(by Adele Jinadu, SAIIA)
This Report is the Fourth Bi-Annual Progress report submitted by the National African Peer Review Mechanism - Governing Council (NAPRM-GC) to the APR Panel. The Report covers the period January – June 2009 and provides an overview of Ghana's progress in implementing the National Programme of Action. The period under review witnessed a smooth transition of power from one democratically elected government to another democratically elected government. Civil society organizations continued to play a vital role in the election process. CSOs such as the Institute of Economic Affairs (IEA), Institute of Democratic Governance (IDEG) were actively involved in the electoral process. Indeed, IEA organized the presidential and vice-presidential debates which brought together the Presidential-aspirants of the New Patriotic Party (NPP), National Democratic Congress (NDC), the Convention Peoples Party (CPP) and the Peoples National Convention (PNC) to sell their manifestoes to the populace. Apart from the numerous international observers who trooped to the country, local CSOs such as IDEG, CODEO and CDD also undertook electioneering monitoring, adding to the credibility of the whole process. (by NAPRM-GC)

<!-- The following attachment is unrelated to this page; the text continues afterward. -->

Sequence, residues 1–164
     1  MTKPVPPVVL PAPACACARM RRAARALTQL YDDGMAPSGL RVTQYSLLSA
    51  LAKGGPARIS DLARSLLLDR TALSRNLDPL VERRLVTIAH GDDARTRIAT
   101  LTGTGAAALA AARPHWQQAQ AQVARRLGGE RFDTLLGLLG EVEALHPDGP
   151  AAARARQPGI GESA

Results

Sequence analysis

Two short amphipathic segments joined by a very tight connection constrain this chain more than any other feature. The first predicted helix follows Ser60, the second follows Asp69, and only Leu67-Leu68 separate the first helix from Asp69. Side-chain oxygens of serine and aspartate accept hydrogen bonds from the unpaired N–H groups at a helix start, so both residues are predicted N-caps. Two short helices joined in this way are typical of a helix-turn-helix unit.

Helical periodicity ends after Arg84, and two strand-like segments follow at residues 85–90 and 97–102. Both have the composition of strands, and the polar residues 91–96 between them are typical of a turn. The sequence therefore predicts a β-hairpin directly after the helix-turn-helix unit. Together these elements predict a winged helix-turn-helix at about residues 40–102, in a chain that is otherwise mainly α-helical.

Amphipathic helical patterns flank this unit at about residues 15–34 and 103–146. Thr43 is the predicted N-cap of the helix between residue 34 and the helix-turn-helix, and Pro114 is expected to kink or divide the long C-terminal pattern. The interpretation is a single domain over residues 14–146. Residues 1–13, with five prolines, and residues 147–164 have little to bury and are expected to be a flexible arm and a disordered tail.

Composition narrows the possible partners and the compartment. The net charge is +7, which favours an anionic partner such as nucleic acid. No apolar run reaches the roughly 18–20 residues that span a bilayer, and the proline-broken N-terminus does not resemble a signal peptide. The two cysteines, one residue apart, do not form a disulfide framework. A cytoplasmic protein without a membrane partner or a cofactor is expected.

This is the second Progress Report submitted to the APR Panel as part of the National African Peer Review Mechanism – Governing Council's statutory obligation to submit progress report on the implementation of the National Programme of Action every six months. The First Progress Report was submitted in June 2006. The Annual Progress Report is the result of extensive consultative process with stakeholders – Ministries, Departments and Agencies, private sector operators, traditional authorities, women groups, youth groups, District Assembly persons, Persons living with disabilities, civil society organizations – throughout the ten regions of Ghana (by NAPRM-GC)